This map of meaningfulness that we lay on the machinery of the universe like the papier-mâché skin on a skeleton of a broad assortment Museum is our way of experiencing the meaningfulness of an impartial and disinterested universe and behaving in a meaningful way to other sentient creatures like ourselves that live embedded in their own spiderwebs of meaningfullness.


It is the way we embrace our humanity in a nonhuman infinity.


Now I have said that I think that all things in nature are the result of natural processes. There is one thing that stands apart from that. That is the presence of existence itself. The very fact that we exist experiencing all this as a collection of objects in interaction rather than one big universal sigh of energy with lumps in it flies in the face of thinking of the world as just a machine and nothing more.


We have the universe of the machine and then we have the daunting fact that it exists. The problem of existence standing outside of the explanation of a mechanism with parts which exhibit cause-and-effect is a finger-pointing directly at Buddhism.


In my view, the Buddha was a man who lived, had an important experience that he talked other people about, and he ate some bad food and died about 404 years before the common era, 2417 years ago years ago as of the time of this writing, early in the spring 2013.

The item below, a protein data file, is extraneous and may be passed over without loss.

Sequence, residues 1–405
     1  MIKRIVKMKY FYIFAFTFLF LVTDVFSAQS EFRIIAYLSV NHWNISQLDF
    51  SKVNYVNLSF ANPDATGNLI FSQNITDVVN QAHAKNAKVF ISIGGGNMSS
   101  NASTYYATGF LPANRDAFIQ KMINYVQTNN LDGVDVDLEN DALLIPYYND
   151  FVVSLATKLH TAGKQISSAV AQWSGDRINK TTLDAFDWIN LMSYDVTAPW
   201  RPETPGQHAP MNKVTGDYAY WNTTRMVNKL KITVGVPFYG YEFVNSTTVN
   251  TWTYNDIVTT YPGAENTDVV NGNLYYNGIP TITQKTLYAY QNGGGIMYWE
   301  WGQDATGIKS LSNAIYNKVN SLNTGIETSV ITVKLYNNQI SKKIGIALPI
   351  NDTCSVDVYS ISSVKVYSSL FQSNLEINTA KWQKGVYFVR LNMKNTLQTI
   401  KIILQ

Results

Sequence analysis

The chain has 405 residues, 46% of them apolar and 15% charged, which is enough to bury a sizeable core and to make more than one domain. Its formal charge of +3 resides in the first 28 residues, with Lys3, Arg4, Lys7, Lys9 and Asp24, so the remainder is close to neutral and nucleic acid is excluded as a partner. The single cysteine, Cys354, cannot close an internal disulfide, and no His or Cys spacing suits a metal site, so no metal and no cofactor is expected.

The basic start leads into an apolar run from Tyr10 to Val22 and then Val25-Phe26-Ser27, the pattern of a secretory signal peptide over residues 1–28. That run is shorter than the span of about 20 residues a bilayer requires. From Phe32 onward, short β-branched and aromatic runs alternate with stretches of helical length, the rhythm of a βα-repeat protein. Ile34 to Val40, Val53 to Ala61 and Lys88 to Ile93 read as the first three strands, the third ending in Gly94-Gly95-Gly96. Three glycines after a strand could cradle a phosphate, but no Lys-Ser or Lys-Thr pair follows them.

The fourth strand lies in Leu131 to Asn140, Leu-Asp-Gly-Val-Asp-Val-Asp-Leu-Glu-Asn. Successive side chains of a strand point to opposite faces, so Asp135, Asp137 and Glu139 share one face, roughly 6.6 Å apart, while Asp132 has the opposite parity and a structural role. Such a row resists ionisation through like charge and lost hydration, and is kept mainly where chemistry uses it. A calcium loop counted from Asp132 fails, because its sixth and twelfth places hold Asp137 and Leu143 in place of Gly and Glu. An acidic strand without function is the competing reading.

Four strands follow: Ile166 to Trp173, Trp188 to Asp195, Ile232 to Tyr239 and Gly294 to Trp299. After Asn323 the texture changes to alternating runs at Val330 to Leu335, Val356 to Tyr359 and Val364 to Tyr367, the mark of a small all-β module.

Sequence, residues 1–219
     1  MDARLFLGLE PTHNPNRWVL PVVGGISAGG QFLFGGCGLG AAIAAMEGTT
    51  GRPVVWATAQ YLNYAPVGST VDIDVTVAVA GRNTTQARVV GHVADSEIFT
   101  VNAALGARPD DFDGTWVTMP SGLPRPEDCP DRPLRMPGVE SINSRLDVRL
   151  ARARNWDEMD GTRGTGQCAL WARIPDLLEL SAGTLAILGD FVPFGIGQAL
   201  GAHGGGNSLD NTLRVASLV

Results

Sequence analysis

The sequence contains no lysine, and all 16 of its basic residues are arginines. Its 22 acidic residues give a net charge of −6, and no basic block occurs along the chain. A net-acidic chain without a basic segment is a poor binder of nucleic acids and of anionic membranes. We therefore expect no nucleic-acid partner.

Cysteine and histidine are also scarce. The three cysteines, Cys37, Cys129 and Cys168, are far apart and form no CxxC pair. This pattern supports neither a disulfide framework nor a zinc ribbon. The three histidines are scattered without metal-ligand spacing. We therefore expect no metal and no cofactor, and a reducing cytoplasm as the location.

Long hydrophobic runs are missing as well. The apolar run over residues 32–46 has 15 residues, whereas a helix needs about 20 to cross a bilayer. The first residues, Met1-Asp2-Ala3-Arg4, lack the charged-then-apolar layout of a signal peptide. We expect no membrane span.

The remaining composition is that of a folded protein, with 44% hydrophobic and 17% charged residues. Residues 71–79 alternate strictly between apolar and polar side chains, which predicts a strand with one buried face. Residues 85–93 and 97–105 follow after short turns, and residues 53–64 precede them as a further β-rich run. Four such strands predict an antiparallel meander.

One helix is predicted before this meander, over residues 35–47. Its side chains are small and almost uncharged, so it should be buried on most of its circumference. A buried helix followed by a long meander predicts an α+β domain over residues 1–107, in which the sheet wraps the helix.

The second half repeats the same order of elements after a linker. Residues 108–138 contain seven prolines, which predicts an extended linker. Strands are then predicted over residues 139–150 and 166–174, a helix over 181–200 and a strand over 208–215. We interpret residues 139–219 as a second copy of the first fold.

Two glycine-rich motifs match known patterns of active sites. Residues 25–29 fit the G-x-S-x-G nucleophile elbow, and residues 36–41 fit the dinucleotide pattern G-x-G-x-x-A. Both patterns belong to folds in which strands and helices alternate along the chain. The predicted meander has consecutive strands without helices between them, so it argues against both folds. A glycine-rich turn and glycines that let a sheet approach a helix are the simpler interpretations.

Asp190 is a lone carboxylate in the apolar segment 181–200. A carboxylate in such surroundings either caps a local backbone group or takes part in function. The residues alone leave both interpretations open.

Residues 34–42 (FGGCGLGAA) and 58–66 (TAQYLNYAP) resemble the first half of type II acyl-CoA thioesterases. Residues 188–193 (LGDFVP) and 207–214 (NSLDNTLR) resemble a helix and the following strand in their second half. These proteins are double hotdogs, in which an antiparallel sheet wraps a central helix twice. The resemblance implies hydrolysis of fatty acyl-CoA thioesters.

I believe that he lived his life as a man and then was either buried or exposed to the elements to be dispersed by the birds. But with the birds in every direction the religion of Buddhism spread. Now for me Buddhism is a tradition of spirituality. That means it is a tradition of applying a map of meaningfulness to the universe that somehow ties the universe of brutal cause-and-effect together with the amazing fact that it exists at all. Somehow these 2 facts are like the mother and father of a child who walks in kindness.


Why would this be so? Because the Buddha asked why the world was so hard. Why is there suffering? Why is there sickness, why is there death? Why do we repeat the same mistakes over and over hoping that things will turn out better this time?